About 10 years ago, I was pitching a leadership programme to a global head of HR at a tech company when she leant forward, with a mixture of amusement and malice, and said loudly “I hate to be the one to tell you this but leadership programmes don’t work.”
I think I looked a little shell-shocked. She was a charismatic figure who liked to mildly intimidate consultants. She looked me up and down and went on to explain that “one size fits all” leadership programmes usually ignored the different context and situation that the leaders found themselves in. “It’s easy to create a great learning experience but incredibly hard to change mindset, attitude and behaviour. So that’s why they are a waste of money. They have a great time in the coffee breaks but nothing changes. Our job is the best learning experience and it’s cheaper.”
I felt puzzled after that meeting. Apart from wondering why she had asked me to pitch, I was also curious about what she had said. Everyone knows what good leadership looks like but it’s not so clear what stops us leading. We get into habits, habits that are hard to change. After all, the brain doesn’t like change, so we experience a lot of resistance. So how do you design a leadership programme that takes all that into account?
The art and science of behaviour change is fascinating and has a long history. Plato said that human behaviour flows from desire, emotion and knowledge. So workshops may fill you full of knowledge but I believe you will never achieve your full leadership potential unless you understand your emotions and understand why you want to lead. I wonder how Donald Trump would answer those questions!
Whilst reading up on the subject, It’s soon became clear that emotions are central to all behaviour and all behaviour change. I encountered some extraordinary thinkers like Bill Torbert, Robert Kegan, Marshal Rosenberg, Daniel Goleman and Reg Revans. They had shown that people could change if they built more self-awareness around their “drivers,” barriers and the legacy they wanted to create. But it was the dynamic nature of group learning that really struck me. The secret ingredient is to create a “container” where people trust each other, can be vulnerable and try new things.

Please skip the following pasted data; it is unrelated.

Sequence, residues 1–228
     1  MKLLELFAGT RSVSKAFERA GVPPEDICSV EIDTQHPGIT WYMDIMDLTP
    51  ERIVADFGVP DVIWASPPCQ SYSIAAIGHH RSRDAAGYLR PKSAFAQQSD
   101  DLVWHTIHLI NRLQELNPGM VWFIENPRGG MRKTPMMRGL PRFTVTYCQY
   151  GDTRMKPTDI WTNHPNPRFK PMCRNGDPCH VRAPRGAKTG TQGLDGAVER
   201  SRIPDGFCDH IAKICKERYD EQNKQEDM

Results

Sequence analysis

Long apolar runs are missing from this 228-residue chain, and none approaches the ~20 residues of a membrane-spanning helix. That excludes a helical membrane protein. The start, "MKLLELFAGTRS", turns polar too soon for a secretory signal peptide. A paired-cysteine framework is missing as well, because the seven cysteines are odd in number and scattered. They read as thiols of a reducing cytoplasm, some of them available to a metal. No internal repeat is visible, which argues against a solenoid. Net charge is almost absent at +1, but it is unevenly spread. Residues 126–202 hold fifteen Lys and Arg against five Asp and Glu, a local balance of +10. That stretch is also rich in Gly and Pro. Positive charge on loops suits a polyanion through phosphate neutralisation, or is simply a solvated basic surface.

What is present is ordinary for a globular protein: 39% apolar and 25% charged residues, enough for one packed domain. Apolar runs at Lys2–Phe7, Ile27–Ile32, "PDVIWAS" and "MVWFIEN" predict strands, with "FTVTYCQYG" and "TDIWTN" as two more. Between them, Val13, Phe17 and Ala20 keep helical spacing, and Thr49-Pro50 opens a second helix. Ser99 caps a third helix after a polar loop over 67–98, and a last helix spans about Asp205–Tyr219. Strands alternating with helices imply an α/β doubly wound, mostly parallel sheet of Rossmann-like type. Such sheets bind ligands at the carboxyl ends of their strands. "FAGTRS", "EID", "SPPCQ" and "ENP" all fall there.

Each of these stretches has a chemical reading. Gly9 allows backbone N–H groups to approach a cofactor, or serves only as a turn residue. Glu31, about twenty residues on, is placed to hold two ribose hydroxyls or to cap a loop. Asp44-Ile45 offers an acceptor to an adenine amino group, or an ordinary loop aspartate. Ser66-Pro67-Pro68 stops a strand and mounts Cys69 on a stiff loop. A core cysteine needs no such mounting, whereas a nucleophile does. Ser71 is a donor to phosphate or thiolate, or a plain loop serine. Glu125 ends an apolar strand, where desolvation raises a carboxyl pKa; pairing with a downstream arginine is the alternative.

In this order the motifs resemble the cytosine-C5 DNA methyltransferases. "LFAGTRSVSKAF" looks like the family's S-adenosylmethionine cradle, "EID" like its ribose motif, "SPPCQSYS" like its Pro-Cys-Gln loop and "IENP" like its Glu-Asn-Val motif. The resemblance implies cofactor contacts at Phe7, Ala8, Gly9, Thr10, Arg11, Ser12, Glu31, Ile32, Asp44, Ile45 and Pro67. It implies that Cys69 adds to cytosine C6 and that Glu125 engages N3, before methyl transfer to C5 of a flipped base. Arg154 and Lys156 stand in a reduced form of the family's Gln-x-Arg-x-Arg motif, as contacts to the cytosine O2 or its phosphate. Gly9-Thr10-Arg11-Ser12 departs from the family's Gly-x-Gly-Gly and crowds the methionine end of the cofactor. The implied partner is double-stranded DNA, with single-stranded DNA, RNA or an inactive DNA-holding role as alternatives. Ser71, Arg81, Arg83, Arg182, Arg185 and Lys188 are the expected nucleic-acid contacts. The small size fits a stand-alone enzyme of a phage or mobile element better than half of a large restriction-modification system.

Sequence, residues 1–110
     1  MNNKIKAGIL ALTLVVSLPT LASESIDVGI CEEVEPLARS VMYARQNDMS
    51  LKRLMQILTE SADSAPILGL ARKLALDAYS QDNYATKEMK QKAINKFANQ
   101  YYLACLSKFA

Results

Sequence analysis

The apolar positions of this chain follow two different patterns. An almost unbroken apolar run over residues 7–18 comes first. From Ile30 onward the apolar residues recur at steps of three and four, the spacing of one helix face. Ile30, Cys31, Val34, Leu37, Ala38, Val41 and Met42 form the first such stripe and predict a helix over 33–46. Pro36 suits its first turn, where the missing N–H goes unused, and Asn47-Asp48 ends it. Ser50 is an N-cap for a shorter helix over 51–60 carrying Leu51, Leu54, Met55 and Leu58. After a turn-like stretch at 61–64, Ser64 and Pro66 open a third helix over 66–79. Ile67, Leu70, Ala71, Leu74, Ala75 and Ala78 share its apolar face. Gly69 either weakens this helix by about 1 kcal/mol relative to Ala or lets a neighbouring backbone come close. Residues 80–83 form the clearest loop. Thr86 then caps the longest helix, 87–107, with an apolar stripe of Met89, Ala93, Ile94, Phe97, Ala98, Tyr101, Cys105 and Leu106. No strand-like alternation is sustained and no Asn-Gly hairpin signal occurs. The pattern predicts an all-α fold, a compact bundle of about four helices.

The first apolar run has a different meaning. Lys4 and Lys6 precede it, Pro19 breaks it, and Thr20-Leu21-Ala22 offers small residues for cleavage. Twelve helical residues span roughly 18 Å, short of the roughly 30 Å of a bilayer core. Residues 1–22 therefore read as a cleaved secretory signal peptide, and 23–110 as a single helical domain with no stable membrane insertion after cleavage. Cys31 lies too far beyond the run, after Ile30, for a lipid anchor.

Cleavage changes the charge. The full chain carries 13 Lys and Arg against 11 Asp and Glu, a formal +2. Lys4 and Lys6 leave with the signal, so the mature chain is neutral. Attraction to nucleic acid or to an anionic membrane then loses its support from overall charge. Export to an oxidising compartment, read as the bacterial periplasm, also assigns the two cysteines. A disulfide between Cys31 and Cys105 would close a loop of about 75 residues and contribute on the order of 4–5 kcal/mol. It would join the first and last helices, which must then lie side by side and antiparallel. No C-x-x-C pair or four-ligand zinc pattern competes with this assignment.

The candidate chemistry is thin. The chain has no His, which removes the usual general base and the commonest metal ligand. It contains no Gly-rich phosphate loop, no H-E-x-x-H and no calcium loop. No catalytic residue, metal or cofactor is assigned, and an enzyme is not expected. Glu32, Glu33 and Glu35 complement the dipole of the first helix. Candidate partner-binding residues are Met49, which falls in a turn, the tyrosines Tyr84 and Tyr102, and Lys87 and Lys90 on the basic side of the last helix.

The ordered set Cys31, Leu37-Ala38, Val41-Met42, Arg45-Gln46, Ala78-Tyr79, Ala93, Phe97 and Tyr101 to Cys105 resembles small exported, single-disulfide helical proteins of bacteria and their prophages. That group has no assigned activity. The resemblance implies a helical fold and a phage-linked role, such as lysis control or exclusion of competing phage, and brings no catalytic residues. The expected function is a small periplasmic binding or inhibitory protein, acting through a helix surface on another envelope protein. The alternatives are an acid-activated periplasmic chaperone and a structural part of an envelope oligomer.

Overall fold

So when the Wellcome Trust Sanger Institute approached us for a potential leadership programme, I had this foremost in my mind and decided to put it into practice. We partnered with the very experienced and capable L&D team to design a five-day programme with the focus not just on leadership topics but on making it stick through psychometrics, action learning sets and experiential learning.
For the psychometrics we used the Lumina Spark, one of the best profiling tools on the market. It’s scientifically robust but the focus is a large floor mat split into four colours representing our innate human preferences. The delegates loved it. They could see their own preferences and how they differ to their teams. They learnt the power of being flexible but in the context of the colours, “what does it feel like to stand in the red and lead.” People got a visceral reason for wanting to flex, to adapt their natural inclination, i.e. change their behaviour.
Every time we met we worked on real problems the group were experiencing. It lent the workshop much more credibility. They learnt to work together and look for patterns. We had ground rules and people started to trust each other and take risks by asking difficult questions.
Finally, we placed Action Learning Sets (the idea that people can come together and learn from helping each other work through their challenges) at the core of the programme. For Action Learning Sets to be effective the group must see what’s in it for them. They have to take responsibility for making them work. Our first cohort realised they are wonderful life-changing resources and they can also be fun, short and outcome focused.
With the follow up executive coaching I found we were able to really focus on what holds the delegates back from being leaders and we worked together to try “easy wins” and get them to see the bigger benefits of a change of behaviour.
Having seen the first cohort go through the programme, I think they have a far better understanding of their emotions, lots of knowledge and most of all a desire to lead to help others. They also have each other. I see a refreshing new self-awareness and attitude. I see change.
So for our leaderships programmes we have
P-Psychometric testing and flexing
E-Emotional intelligence and embodied leadership
So we practice Talking APE.
So 10 years down the line I now have an answer for that Head of HR. Leadership programmes do work!